Three months after my resignation, in October, I met Emmanuel again in Paris. He told me that in a summit meeting before his failed attempt to mediate with Alexis, he had used my line that the troika’s deal for Greece was a modern-day version of the Versailles Treaty. Merkel had heard him and, according to Emmanuel, ordered Hollande to keep Macron out of the Greek negotiations.
  • rjsterry
    rjsterry Posts: 27,316
    Fascinating bit by Varoufakis on why he's supporting Macron: https://www.yanisvaroufakis.eu/2017/05/ ... mediapart/

    I remember vividly the afternoon of 28th June 2015, that awful Sunday when the Eurogroup had decided to close down our banks to punish our government for resisting yet another predatory loan and more anti-social, recessionary austerity attacks on the weakest of Greeks. It was at around 6pm when I received a text message from Emmanuel with which he informed me that he was struggling to convince President Hollande and Sigmar Gabriel, Germany’s Vice Chancellor, to find a solution: “I do not want my generation to be the one responsible for Greece exiting Europe,” he said.

    Less than a minute later I replied: “But of course. Just know that we need an agreement that offers respite for the long run and a prospect that this situation will not be repeated in a few months.” Emmanuel agreed. He would talk to his President and get back to me: “Sustainable solution is key, I agree with you,” he wrote, proposing that he travel to Athens the next day, incognito, to have dinner with me and Alexis and to hammer out a deal between Athens, Berlin and Paris.

    After midnight, while we were in the thick of our preparations for the bank closures, Emmanuel wrote again to inform me that President Hollande was planning to issue a statement in the morning to re-open the negotiations. I thanked him and waited. “Ok,” Emmanuel said a little later, “I am ready and I am sure that Alexis, you and me could find a deal… I will convince the President tomorrow. We have to succeed!”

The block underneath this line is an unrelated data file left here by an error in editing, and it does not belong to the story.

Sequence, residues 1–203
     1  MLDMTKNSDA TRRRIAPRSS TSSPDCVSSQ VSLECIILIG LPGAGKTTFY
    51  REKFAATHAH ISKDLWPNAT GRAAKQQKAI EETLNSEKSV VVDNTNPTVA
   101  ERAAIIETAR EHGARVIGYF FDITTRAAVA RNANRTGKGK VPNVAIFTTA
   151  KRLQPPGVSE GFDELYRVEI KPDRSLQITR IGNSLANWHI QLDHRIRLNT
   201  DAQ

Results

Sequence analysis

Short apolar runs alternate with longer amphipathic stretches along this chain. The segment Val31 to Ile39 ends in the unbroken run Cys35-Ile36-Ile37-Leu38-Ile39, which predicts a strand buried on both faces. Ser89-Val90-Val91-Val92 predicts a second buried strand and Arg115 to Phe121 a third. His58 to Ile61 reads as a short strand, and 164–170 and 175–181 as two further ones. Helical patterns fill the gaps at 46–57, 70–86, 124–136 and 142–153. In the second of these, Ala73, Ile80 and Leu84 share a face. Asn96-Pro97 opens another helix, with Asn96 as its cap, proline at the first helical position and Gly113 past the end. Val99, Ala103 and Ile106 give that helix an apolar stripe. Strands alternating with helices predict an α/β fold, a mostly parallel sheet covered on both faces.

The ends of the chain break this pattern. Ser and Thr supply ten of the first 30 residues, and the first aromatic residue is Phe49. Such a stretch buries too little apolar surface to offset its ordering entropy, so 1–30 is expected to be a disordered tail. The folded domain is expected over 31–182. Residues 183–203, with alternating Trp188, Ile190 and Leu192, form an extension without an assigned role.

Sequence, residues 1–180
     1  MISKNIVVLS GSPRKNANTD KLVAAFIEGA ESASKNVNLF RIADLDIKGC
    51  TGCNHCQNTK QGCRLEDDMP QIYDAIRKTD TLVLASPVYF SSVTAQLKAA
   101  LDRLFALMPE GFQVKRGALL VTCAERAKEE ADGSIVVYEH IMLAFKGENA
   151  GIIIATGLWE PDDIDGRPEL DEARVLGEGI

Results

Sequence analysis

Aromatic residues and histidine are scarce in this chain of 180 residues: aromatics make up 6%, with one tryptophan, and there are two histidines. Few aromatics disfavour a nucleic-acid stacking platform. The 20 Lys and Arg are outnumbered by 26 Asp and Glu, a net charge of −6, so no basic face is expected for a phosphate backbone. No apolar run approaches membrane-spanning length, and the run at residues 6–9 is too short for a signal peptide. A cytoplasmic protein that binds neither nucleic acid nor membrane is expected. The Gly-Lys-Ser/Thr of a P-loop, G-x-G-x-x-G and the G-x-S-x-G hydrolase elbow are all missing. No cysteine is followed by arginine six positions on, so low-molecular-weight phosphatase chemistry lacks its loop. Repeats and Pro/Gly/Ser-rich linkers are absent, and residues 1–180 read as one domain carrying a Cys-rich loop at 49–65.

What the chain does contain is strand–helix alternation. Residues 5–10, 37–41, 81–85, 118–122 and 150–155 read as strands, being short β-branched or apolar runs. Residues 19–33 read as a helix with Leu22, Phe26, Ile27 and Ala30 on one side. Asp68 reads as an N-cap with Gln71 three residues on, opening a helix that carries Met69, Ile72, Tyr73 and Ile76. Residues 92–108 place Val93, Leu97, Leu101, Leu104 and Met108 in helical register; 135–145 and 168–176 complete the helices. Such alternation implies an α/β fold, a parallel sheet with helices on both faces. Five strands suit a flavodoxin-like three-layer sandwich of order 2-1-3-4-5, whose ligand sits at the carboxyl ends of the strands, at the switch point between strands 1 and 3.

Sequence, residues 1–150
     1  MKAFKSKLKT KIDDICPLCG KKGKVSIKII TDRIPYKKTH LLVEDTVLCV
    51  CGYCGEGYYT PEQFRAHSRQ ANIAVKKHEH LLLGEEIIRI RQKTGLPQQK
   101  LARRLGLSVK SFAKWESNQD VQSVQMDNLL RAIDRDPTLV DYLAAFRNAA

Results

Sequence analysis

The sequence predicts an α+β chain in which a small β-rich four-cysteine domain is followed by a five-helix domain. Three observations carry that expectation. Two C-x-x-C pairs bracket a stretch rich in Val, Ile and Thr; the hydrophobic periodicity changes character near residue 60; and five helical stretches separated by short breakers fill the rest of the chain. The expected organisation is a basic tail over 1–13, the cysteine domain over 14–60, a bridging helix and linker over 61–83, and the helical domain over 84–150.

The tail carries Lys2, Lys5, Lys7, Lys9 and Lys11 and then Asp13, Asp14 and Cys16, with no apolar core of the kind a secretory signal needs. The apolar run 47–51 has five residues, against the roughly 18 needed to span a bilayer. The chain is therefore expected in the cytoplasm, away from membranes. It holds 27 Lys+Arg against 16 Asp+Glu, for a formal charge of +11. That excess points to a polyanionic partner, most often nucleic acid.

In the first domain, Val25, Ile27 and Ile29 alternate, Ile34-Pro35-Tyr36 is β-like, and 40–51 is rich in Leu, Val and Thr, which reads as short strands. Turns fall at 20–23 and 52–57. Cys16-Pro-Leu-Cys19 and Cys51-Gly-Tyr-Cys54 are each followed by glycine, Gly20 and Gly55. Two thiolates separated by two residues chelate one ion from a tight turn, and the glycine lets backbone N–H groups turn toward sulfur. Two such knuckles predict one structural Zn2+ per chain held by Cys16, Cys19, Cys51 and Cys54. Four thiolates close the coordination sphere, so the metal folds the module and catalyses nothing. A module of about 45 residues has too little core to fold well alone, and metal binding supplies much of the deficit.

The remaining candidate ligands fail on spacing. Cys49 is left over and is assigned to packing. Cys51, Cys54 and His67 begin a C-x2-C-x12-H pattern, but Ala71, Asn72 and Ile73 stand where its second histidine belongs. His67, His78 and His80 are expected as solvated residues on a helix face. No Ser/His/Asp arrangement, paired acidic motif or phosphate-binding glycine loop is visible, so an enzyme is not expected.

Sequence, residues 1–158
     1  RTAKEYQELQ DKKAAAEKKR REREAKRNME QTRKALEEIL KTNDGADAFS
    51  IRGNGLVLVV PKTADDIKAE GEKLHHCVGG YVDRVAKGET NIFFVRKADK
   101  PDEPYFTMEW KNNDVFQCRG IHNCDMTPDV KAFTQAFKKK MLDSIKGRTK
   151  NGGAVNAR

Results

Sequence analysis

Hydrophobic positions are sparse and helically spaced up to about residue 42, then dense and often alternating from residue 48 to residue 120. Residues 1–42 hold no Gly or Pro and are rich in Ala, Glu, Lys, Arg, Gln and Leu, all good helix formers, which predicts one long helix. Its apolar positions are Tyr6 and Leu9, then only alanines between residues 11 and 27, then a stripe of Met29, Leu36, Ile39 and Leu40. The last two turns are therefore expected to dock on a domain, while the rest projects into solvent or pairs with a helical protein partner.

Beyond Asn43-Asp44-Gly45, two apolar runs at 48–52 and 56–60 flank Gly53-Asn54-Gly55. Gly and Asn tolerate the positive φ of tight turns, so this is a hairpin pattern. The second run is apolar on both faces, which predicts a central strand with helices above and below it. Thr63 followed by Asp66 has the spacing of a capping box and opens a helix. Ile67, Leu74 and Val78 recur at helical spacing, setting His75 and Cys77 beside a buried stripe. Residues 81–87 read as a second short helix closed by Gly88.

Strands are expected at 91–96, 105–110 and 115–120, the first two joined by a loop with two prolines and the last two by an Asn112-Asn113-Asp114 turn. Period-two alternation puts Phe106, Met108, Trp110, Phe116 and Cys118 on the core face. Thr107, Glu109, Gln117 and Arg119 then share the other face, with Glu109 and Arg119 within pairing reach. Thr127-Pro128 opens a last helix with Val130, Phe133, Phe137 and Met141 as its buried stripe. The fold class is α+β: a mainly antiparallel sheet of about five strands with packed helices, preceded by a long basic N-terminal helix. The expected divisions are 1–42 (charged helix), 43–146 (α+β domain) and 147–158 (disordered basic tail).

Next morning, Monday 29 June, the day he was meant to come to Athens, Emmanuel called asking for a favour: Could Alexis contact President Hollande to confirm that he was ready and willing to receive Emmanuel in Athens as the French President’s emissary? I called Alexis, explained the opportunity that was being presented to us, and he agreed. An hour later, however, Alexis called me back, understandably angry. “What is going on?” he asked. “Hollande’s office replied that they have no idea about a possible mission by Macron to Athens. They referred us to Michel Sapin. Is he pulling your leg?”

    When I relayed this exchange to Emmanuel, he sounded upset. His explanation shocked me: “The people around Hollande do not want me to come to Athens. They are close to the Berlin Chancellery. They clearly blocked Alexis’ approach. But let me have his [Alexis’s] personal mobile phone number. I shall go to the Élysée personally in an hour to speak with him [Hollande] and ask him to call Alexis directly.”

    Some hours passed but Hollande never called Alexis. So I texted Emmanuel: “Do I take it there has been no progress? And that your trip has been cancelled?” A dejected Macron confirmed that he had been blocked – by his President and his President’s entourage. “I will push again to help you, Yanis, believe me,” he promised. I believed him.

    Three months after my resignation, in October, I met Emmanuel again in Paris. He told me that in a summit meeting before his failed attempt to mediate with Alexis, he had used my line that the troika’s deal for Greece was a modern-day version of the Versailles Treaty. Merkel had heard him and, according to Emmanuel, ordered Hollande to keep Macron out of the Greek negotiations.
    He was good on Newsnight last night, recalling voting for Chirac to keep Le Pen Sr out. Don't understand what the f*** the French left are playing at with considering spoiled ballots and so forth. As regards the impact on us, some minor discomfort on Brexit is easily worth it.
    1985 Mercian King of Mercia - work in progress (Hah! Who am I kidding?)
    Pinnacle Monzonite

    Part of the anti-growth coalition
  • rick_chasey
    rick_chasey Posts: 71,725
    His tell all political memior is apaz one of the best in recent memory.
  • TheBigBean
    TheBigBean Posts: 20,322
    His tell all political memior is apaz one of the best in recent memory.

    Apparently it includes quotes taken from secret recordings confirming that the Greek bailout was a bailout of French and German banks, and that they knew it could not succeed. Still, they have managed to kick the can down the road once again.
  • rjsterry
    rjsterry Posts: 27,316
    Just spotted this in the Guardian liveblog of the TVs debate. A le Pen voter explained their reasoning thus:
    I even had an uncle who was detained in the concentration camps during the war. He did three camps - Dachau, Buchenwald and Auschwitz. With three numbers tattooed here. So I know how these kind of people are. But to put things right again - it’s the only solution.

    :shock:

    A pretty terrifying indictment of French politics.
    1985 Mercian King of Mercia - work in progress (Hah! Who am I kidding?)
    Pinnacle Monzonite

    Part of the anti-growth coalition